If you install a bathroom in your attic space, you may have to add new plumbing lines  and fixtures. Plumbing can range from $1,000 to $10,000. 

Heating & Air 

To heat and cool your new attic space you’ll need to add HVAC. The price can range from $600 for electric wall heaters up to $4,000 for radiators.  


Your attic will need electricity for lighting and appliances. The price of installing it ranges from $1,000 to $3,400, which includes wiring and adding outlets.  


The bigger your attic, the more money you’ll typically pay to convert it.


Installing light fixtures costs between $30 for a lamp, and $2,000 for premium recessed lighting.  


It costs around $500 to $600 to lay subflooring, which you’ll need to cover attic joists. Then you’ll pay about $200 to $6,400 to install high-end hardwood flooring. 


If you install new skylights, you’ll need to ensure the roof is in good enough shape to keep moisture out of your home. And if you add windows to your attic conversion, you’ll need to invest in new flashing and roofing materials around these areas. If you are considering replacing the roof, there are a number of ways to finance a new roof

Do Attic Conversions Increase a Home’s Value? 

Adding a functional room and more living space to your home may increase its value. Completing an attic conversion will give your house more total square footage, so it can be a smart move. For instance, turning your attic into a bedroom could give you a 53% return on your investment, according to a report from the National Association of Realtors.Recommended: 6 Ways to Avoid Home Improvement Fraud

Financing an Attic Conversion 

As you explore financing for your attic conversion, you’ll want to carefully weigh each option to see which is right for you. Here are some financing methods to consider:


A home equity line of credit (HELOC) allows you to borrow against your home equity up to an approved limit. The interest rate for a HELOC is variable. You borrow the funds as needed during the draw period, which typically lasts up to 10 years. When the draw period ends, the repayment period begins, which can be as long as 30 years. It’s important to keep in mind that with a HELOC, if you can’t repay what you owe, the lender could seize your house.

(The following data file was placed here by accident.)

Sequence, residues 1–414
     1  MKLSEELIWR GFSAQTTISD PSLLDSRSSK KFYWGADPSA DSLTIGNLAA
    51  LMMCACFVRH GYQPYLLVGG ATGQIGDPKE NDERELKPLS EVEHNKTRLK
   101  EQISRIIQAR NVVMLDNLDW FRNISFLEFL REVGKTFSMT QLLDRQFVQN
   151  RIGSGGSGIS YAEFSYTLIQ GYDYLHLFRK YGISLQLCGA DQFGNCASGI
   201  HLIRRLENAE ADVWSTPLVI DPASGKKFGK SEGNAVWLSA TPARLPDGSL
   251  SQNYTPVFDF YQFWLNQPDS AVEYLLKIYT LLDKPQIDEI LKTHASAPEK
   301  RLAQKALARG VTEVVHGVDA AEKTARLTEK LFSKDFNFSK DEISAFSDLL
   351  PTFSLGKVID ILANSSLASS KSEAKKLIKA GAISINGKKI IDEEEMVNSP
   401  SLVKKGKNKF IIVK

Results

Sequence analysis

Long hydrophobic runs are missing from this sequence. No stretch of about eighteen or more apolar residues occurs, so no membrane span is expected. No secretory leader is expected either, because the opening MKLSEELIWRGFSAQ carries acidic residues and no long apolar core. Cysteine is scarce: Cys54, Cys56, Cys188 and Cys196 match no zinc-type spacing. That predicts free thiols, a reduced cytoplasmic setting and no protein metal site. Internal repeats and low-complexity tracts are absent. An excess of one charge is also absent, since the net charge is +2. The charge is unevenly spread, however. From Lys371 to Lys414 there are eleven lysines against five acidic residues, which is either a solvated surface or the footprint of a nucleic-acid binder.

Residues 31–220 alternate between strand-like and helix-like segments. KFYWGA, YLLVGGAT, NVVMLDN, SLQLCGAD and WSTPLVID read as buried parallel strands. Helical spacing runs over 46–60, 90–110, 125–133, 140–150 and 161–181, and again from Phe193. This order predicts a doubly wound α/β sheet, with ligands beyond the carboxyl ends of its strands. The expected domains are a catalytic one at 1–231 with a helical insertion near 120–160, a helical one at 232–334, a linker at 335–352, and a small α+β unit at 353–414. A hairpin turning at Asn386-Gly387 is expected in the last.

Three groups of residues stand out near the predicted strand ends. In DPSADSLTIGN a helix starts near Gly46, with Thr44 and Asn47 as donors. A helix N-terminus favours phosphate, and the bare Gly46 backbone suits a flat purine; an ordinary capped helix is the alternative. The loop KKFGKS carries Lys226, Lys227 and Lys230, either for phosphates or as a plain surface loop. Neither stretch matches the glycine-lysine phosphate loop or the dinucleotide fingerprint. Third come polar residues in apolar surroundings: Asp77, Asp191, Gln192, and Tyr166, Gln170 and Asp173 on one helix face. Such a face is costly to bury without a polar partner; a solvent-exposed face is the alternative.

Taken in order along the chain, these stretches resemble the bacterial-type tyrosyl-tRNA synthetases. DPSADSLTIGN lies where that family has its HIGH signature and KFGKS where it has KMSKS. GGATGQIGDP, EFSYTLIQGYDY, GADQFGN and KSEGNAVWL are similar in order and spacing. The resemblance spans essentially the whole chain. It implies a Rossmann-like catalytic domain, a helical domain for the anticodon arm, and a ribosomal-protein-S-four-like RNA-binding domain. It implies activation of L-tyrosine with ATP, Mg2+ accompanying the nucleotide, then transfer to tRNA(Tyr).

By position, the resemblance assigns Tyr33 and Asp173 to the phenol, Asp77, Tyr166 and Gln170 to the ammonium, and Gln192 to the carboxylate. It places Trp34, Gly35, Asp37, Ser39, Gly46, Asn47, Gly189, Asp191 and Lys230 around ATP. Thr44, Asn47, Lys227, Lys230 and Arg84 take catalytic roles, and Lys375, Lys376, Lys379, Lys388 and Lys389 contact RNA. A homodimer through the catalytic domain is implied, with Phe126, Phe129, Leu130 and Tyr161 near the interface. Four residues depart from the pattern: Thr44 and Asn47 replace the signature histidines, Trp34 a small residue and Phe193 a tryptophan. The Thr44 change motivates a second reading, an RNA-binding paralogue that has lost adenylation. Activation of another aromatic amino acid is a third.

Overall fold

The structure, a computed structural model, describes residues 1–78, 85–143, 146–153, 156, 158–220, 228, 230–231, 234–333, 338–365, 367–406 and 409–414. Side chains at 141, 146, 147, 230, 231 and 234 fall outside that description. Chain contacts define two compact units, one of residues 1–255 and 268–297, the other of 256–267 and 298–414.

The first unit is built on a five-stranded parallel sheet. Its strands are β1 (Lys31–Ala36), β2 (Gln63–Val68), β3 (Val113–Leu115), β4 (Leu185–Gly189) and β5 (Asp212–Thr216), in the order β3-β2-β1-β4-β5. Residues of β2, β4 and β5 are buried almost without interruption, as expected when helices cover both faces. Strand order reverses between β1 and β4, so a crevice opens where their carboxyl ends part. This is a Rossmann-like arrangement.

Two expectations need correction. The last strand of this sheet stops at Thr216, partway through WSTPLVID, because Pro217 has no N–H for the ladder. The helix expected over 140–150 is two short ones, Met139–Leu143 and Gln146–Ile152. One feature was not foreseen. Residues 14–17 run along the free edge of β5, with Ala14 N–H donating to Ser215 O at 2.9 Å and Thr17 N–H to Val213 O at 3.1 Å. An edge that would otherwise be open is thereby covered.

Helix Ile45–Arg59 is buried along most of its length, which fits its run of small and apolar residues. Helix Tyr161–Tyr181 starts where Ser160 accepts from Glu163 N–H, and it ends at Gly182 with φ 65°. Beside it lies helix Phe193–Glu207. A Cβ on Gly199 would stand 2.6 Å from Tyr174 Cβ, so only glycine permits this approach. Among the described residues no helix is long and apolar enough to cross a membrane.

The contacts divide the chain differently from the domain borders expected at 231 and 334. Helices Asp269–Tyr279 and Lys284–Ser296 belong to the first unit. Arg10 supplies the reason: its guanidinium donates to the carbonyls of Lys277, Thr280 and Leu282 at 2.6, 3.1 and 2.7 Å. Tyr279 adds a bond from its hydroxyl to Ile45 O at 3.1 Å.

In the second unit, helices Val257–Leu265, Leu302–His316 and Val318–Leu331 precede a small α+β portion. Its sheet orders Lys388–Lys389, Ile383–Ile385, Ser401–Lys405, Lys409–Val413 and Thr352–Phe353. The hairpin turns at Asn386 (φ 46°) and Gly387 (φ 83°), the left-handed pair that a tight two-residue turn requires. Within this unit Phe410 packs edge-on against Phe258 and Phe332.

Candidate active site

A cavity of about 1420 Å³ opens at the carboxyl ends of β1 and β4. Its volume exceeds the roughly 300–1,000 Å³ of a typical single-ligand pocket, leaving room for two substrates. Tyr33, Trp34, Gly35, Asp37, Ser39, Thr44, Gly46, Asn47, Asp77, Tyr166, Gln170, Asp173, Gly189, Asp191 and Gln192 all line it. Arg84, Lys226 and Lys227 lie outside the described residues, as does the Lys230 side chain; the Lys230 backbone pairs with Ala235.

Cash-out Refinance 

With a cash-out refinance, you refinance your mortgage while borrowing money at the same time, based on the equity you have in your home. The process involves getting a new mortgage for a larger amount than the existing mortgage. You receive the difference in cash for your attic conversion. Lenders often limit cash-out refinances to 80 percent of the equity you have in your home. 

Personal Loan 

There are many benefits of a personal loan, including using them to finance home improvement projects. With a personal loan, a bank, online lender, or credit union lends you a lump sum that you repay with interest in installments over time. You can explore the different types of personal loans for your attic renovation, and then research the loan terms and rates to find one that fits your needs.For instance, with a no-collateral personal loan, you don’t need to secure the loan with an asset such as your home or car. However, the interest rates for this type of loan tend to be higher than they are for a secured loan. Long-term personal loans give you more time to pay back your loan with lower monthly payments, but you may pay more interest over the lifetime of the loan.Recommended: Guide to Creating an Accurate Home Renovation Budget

Exploring Personal Loan Rates 

As you’re considering a personal loan to finance your attic conversion, you’ll want to shop around for the best option. With Lantern by SoFi, comparing personal loans interest rates is quick, easy, and convenient. In our online marketplace, you can explore loan terms from multiple lenders at once, to help choose the one that’s the best fit for your renovation needs.Compare rates with Lantern and see if you prequalify.

Frequently Asked Questions

How much does an attic conversion cost?
Does an attic conversion increase the home value?
What factors contribute to the cost of an attic conversion?
Photo credit: iStock/CreativaStudio

About the Author

Kristin Luna

Kristin Luna

Kristin Luna is a Tennessee-based journalist with 20 years of writing and editing experience. She has contributed to such publications as Southern Living, This Old House, Real Simple, Parade, Conde Nast Traveler, Travel + Leisure, and various other titles. With her spouse and fellow journalist, she runs a public art nonprofit and also purchases and rehabs older model homes.